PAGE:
Ten years ago, who would have thought that 650 people would show up at a conference to talk about one weed?

But that’s exactly what happened Wednesday, Nov. 17 at East Arkansas Community College in Forrest City, Ark. The PigPosium, sponsored by the University of Arkansas Cooperative Extension Service and Farm Press, was expected to draw around 350 people. But as the auditorium filled, and with a huge crowd still waiting to register, a back wall had to be removed to create more seating. And University of Arkansas weed scientist Ken Smith, who came up with the idea for the meeting, had to send off for more food.

The turnout said two things. One, glyphosate-resistant Palmer pigweed is one of the biggest challenges faced by U.S. farmers this century. Two, farmers who showed up at the meeting are past the denial stage. They’re ready to start making the changes necessary to regain control of their production fields.

It’s not just farmers concerned about Palmer pigweed. I talked to a man who manages property for absentee landlords, who is having to explain to one employer why yields dropped so precipitously in 2010. The manager says he can’t afford to rent the land to a farmer who does not have the willingness and wherewithal to attack the pigweed problem.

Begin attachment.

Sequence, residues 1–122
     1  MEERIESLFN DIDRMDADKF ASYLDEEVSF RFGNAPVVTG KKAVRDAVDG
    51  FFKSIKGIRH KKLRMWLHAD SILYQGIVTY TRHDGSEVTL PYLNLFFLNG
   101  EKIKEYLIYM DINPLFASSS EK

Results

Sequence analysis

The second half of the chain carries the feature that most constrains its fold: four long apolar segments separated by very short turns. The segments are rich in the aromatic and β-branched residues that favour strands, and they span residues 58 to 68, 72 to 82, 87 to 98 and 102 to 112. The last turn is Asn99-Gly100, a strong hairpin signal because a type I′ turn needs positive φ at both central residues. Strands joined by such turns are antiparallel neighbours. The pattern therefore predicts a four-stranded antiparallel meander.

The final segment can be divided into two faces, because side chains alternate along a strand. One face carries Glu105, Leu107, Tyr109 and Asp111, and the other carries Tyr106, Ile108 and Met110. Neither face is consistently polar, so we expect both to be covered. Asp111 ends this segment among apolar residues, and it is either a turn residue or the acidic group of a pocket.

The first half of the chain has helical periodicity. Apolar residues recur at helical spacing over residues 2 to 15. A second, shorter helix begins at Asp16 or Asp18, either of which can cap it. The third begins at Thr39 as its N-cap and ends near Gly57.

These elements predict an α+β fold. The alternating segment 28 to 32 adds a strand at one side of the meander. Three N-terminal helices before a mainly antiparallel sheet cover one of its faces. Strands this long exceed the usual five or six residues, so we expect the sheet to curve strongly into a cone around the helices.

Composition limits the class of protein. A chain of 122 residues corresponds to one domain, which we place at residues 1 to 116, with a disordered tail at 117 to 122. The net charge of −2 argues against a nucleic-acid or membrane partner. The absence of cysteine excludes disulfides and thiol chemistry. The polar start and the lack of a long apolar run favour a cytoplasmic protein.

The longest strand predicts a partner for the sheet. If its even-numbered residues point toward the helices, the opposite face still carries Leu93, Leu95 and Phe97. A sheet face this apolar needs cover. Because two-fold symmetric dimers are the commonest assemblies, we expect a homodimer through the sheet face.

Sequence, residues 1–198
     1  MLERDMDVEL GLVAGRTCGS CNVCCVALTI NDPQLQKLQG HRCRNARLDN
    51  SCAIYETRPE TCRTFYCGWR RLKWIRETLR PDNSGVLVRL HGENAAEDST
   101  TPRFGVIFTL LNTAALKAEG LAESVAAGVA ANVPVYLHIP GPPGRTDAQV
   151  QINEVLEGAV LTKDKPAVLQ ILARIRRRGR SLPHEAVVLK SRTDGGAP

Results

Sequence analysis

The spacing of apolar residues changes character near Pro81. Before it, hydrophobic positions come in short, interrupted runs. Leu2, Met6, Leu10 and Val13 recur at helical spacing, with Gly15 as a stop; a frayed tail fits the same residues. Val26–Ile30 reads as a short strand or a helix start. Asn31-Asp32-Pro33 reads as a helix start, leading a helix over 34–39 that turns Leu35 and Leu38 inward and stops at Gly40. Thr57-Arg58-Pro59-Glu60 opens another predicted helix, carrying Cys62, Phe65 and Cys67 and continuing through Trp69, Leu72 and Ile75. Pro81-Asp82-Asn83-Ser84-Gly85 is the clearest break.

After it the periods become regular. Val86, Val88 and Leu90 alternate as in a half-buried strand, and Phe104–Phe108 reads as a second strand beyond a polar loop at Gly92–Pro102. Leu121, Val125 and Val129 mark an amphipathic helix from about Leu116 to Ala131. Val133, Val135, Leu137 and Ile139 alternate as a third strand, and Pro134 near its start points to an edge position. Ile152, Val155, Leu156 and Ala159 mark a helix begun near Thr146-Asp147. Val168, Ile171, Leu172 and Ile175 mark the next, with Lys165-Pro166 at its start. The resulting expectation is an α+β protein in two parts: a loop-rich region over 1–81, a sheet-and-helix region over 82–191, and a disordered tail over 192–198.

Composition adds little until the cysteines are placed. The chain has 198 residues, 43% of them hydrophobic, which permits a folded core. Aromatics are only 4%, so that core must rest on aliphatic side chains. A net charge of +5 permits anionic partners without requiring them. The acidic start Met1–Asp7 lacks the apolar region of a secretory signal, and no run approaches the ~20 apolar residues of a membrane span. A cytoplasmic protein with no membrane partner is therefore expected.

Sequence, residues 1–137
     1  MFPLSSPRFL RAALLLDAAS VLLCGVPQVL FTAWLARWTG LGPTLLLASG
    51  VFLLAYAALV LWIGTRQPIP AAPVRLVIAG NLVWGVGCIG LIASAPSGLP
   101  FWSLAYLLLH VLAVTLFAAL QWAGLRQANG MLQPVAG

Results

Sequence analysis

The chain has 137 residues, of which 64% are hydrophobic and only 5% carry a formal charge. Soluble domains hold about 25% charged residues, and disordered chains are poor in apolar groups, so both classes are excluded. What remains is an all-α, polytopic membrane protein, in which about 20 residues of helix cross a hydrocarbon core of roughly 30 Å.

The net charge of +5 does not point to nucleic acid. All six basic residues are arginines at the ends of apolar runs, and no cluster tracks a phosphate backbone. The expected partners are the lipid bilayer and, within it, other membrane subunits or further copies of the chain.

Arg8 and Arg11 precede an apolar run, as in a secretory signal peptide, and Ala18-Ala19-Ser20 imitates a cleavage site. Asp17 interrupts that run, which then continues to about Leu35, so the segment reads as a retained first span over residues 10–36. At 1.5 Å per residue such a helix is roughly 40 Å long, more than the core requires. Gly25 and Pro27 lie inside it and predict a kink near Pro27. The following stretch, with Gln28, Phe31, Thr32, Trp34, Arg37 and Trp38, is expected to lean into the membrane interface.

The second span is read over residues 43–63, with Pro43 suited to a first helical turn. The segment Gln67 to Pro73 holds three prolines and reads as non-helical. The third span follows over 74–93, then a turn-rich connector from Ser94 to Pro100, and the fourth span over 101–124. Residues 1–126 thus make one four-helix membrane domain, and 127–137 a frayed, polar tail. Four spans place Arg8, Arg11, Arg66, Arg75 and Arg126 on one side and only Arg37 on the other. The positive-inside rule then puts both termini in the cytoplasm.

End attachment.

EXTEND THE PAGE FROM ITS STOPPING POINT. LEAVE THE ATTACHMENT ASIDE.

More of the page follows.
Palmer pigweed. Have you noticed there’s usually one seed head that sticks up higher than all the others? It’s like a taunting digit that says, “This is what I think of modern technology.”

There have been few years when some kind of pest didn’t threaten U.S. agriculture. We’ve survived drought, flooding, boll weevils, resistant tobacco budworm, plant bugs and even Ken Cook with the Environmental Working Group.

But glyphosate-resistant pigweed could be the biggest challenge yet, for producers, consultants, biotech companies, seed companies and weed scientists. Most of the time, we’ve managed to stay a step ahead of pest resistance. This is one time, when it has a step or two on us.

At the PigPosium, farmers heard from experts, including a couple of fellow farmers, who have put a lot of thought, research, hard work and sweat into developing solutions for glyphosate-resistant Palmer pigweed. Hopefully, attendees took home some of their knowledge at the end of the day.

Most of the experts agreed on this rule of thumb when you spot pigweed in your fields – don’t wait to see if it’s resistant.

“You don’t want to continue to use a total post, weed control program and find out after the first application that you have glyphosate-resistant pigweed,” said Arkansas weed scientist Bob Scott. “At that point, we don’t have a club in the bag to take care of the problem. That was the situation many producers encountered this year.”

erobinson@farmpress.com